• Glyncorrwg Colliery.[16][17][18]

Notes[edit]

  1. ^ According to Awdry, and Barrie and Baughan, Simmonds and Morgan. Smith says 10 August 1853.
  2. ^ These dates and the manner of the change are described slightly differently in Morgan.

References[edit]

  1. ^ a b c d e f g h Clive Smith, Bygone Railways of the Afan, Alun Books, Port Talbot, 1982, ISBN 0-907117-17-1, pages 17 to 21
  2. ^ a b c d e f g D S M Barrie, revised Peter Baughan, A Regional History of the Railways of Great Britain: volume 12: South Wales, David St John Thomas, Nairn, 1994, ISBN 0-946537-69-0, pages 190 to 192
  3. ^ a b c d e Christopher Awdry, Encyclopaedia of British Railway Companies, Patrick Stephens, 1990, ISBN 1-85260-049-7, page 45
  4. ^ a b c d e f g h H Morgan, South Wales Branch Lines, by Ian Allan Ltd, Shepperton, 1984, ISBN 0-7110-1321-7, pages 108 to 110
  5. ^ a b c Robin G Simmonds, A History of the Port Talbot Railway and Docks Company and the South Wales Mineral Railway Company: volume 1: 1853 - 1907, Lightmoor Press, Lydney, 2012, ISBN 978-1-899-889-66-2, pages 145 to 149
  6. ^ a b c E T MacDermot, History of the Great Western Railway: volume II, 1863-1921, published by the Great Western Railway, London, 1931, pages 443 and 444
  7. ^ a b Simmonds, pages 153 and 154
  8. ^ a b c Simmonds, pages 156 to 158
  9. ^ Simmonds, page 170
  10. ^ Simmonds, pages 164 and 165
  11. ^ a b Robin G Simmonds, A History of the Port Talbot Railway & Docks Company and the South Wales Mineral Railway Company: volume 2: 1894 - 1971, Lightmoor Press, Lydney, 2013, ISBN 978-1-899889-79-2, pages 365 and 367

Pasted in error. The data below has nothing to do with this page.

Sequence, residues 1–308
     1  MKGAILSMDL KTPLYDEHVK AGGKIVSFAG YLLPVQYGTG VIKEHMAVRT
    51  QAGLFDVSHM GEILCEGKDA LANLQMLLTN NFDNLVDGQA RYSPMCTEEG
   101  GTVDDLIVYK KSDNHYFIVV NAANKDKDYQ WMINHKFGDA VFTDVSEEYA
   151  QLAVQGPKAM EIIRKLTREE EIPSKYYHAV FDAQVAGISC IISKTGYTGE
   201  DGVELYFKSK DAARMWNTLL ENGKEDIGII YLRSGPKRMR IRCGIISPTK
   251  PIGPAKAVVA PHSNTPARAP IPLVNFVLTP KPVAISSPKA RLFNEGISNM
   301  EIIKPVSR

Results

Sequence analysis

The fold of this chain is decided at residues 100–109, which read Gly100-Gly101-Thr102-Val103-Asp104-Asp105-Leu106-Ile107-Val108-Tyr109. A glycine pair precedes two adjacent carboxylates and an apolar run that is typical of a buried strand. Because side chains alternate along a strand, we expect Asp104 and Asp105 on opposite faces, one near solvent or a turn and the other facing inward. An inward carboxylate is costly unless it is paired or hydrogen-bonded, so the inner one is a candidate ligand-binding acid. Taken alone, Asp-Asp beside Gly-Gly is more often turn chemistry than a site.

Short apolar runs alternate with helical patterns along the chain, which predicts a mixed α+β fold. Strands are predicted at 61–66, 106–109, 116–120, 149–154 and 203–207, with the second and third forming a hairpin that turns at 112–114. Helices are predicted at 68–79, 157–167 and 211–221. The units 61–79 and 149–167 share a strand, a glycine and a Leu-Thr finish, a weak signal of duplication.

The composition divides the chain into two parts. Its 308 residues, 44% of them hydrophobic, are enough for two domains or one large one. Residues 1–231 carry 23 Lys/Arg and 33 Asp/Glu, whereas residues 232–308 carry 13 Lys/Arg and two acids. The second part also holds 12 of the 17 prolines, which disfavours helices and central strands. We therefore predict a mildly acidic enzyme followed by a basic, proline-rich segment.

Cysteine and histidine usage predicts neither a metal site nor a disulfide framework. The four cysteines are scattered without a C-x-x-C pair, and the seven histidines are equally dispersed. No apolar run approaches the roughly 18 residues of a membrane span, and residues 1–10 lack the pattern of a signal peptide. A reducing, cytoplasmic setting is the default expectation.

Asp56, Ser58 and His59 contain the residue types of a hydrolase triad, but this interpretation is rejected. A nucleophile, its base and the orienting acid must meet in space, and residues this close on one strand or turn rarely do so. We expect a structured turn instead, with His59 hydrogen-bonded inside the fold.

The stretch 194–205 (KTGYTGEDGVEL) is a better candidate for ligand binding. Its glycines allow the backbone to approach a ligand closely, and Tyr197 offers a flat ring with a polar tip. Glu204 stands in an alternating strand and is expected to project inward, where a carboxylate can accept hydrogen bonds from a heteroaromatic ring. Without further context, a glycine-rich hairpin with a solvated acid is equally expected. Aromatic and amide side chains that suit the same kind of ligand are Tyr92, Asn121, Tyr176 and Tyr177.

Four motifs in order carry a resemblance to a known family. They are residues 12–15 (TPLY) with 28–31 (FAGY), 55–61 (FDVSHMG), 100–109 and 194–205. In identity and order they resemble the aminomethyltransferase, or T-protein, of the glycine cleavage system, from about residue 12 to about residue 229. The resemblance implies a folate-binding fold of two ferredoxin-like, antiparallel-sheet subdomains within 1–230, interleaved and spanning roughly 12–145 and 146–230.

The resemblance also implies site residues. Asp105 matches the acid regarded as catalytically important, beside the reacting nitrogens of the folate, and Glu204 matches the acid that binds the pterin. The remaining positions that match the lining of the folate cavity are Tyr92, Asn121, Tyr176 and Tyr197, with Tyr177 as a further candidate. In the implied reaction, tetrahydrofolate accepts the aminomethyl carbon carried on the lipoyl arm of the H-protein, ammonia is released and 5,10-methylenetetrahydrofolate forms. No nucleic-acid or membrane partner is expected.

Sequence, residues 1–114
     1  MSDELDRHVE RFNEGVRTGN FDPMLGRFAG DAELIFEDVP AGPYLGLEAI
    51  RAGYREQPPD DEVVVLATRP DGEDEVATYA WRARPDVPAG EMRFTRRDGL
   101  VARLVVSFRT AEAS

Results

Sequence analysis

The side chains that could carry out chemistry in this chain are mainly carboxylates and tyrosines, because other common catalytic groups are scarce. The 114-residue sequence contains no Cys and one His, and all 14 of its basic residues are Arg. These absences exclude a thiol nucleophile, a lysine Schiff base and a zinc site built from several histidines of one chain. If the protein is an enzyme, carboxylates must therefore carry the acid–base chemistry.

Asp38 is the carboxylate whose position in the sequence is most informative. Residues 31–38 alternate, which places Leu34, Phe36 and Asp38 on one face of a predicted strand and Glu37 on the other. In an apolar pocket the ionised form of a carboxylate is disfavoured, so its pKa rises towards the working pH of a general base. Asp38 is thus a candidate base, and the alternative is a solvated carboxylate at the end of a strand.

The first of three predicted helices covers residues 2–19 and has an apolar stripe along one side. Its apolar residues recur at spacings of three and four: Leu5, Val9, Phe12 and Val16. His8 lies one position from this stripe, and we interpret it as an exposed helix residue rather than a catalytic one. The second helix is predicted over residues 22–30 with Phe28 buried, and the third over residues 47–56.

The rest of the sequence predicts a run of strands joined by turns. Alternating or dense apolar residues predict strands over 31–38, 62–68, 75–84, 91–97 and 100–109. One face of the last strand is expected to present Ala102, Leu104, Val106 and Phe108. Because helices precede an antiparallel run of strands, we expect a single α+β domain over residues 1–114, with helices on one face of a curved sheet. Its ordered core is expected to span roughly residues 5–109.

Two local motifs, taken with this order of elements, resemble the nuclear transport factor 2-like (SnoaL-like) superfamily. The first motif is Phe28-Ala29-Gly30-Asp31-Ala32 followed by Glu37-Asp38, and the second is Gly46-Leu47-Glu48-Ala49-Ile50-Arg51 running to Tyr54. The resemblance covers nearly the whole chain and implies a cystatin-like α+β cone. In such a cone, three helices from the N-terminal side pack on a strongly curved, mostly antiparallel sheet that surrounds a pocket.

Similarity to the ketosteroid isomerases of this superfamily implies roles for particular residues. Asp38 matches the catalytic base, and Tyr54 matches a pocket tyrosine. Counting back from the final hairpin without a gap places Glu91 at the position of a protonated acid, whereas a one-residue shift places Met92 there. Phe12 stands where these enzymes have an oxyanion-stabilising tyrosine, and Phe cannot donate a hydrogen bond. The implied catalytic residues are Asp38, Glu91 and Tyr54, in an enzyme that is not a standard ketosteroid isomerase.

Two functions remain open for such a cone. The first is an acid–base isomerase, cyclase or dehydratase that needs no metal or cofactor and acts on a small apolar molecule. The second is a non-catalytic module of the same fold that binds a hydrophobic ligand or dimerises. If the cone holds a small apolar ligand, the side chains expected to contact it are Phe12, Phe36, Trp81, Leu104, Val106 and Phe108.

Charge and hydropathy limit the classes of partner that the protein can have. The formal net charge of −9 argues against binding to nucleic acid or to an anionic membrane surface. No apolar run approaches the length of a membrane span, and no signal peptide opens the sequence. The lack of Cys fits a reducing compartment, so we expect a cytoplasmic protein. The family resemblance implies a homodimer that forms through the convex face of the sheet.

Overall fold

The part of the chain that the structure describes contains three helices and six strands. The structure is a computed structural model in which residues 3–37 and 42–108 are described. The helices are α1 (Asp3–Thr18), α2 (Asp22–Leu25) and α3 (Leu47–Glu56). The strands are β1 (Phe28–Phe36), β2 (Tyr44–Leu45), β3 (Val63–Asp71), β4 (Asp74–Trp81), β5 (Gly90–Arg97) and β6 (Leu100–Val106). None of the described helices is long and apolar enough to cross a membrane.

12. ^ Peter Semmens, History of the Great Western Railway: 1: Consolidation, 1923 – 1929, George Allen and Unwin, London, 1985, Studio Editions reprint 1990, ISBN 0-04-385104-5, page 37
  13. ^ Simmonds, volume 2, page 386
  14. ^ a b Reed, P.J.T. (February 1953). White, D.E., ed. The Locomotives of the Great Western Railway, Part 2: Broad Gauge. Kenilworth: The Railway Correspondence and Travel Society. ISBN 0-901115-32-0. OCLC 650490992. 
  15. ^ K P Plant, The South Wales Mineral Railway, at the Industrial Railway Record http://www.irsociety.co.uk/Archives/25/south_wales_mineral_railway.htm
  16. ^ M E Quick, Railway Passenger Stations in England Scotland and Wales—A Chronology, The Railway and Canal Historical Society, 2002
  17. ^ R A Cooke, Atlas of the Great Western Railway, 1947, Wild Swan Publications Limited, Didcot, 1997 ISBN 1-874103-38-0
  18. ^ Col M H Cobb, The Railways of Great Britain -- A Historical Atlas, Ian Allan Publishing Limited, Shepperton, 2003, ISBN 0-7110-3003-0

External links[edit]